KM: I would say, expanding on my idea, and interviewing other mixed, biracial people, and having many voices in one project where people are connected through this one shared thing of being from the same cultures and backgrounds, but seeing how different they can be when they grow up in different parts of the country.
BN: I’m actually working on one of my dream projects right now. I essentially live dream by dream. So I have top level dreams, then I have tangible goals. The dream for me is to continually make films about women of colour in the Catholic faith, make them funny and show my voice. And then hopefully, from there, I’ll come up with another dream.
SS: My friend met this man at Whole Foods, where she works. He’s a painter that paints landscapes of Antarctica as they erode with time. I want to make a film about him, about him creating this artwork about environmental change. So I would love to fly out to Antarctica and make a documentary about him. That would probably be what I would use my endless budget towards: my travel and a good film camera.
ST: I was talking to someone recently about Teslas and how they have these crazy, insane cameras like dash cams and backup cams, and there’s like 16 different angles or something. I would really love to film an entire movie using a Tesla utilizing all its angles and the weird colour grading that it does. I think that’d be really crazy and funny.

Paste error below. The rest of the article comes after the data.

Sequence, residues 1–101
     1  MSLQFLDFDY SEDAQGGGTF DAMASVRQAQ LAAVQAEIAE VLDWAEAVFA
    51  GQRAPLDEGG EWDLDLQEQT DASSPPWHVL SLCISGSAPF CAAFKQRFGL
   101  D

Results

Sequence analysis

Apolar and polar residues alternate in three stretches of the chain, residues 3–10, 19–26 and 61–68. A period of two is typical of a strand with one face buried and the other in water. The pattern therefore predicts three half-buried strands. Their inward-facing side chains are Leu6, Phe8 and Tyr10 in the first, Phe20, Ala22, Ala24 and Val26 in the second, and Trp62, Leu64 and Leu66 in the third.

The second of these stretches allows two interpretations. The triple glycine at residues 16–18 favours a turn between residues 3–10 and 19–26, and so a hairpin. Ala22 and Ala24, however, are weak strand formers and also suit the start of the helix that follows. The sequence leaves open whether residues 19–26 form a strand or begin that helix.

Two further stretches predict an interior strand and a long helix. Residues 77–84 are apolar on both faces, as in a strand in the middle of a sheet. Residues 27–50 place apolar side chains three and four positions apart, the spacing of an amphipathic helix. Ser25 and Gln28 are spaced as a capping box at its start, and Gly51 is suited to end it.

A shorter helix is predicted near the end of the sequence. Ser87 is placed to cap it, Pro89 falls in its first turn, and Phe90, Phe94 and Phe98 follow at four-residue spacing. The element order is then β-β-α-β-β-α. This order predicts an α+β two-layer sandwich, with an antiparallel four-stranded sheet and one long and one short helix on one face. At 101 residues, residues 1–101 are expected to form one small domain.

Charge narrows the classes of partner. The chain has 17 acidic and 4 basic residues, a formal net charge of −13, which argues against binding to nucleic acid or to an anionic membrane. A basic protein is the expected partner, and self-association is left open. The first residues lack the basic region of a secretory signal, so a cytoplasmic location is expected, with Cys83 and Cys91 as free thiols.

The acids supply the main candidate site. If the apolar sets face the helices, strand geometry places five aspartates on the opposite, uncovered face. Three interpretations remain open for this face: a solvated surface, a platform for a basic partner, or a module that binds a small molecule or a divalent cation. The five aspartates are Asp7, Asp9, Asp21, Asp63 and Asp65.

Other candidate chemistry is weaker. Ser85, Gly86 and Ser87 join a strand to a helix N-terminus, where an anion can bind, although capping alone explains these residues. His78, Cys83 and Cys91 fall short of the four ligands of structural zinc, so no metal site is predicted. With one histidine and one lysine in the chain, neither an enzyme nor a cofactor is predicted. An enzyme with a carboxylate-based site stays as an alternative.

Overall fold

Parting words from the mentors?
DM: My goal as a filmmaker is to work with people that I like, to re-employ them and create a team that feels like it works well together. And I think we’ve already seen some of that starting with the fellows. Another thing which is specific to The Sauce, as a programme of CAAM and NOVAC, is that there’s a direct connection to PBS. We all collectively know that PBS is one of the most treasured institutions that preserves independent storytelling and voices. We also know that they need to engage with diverse makers, both in terms of background and in terms of age. So PBS is going to benefit from having these voices as part of their system.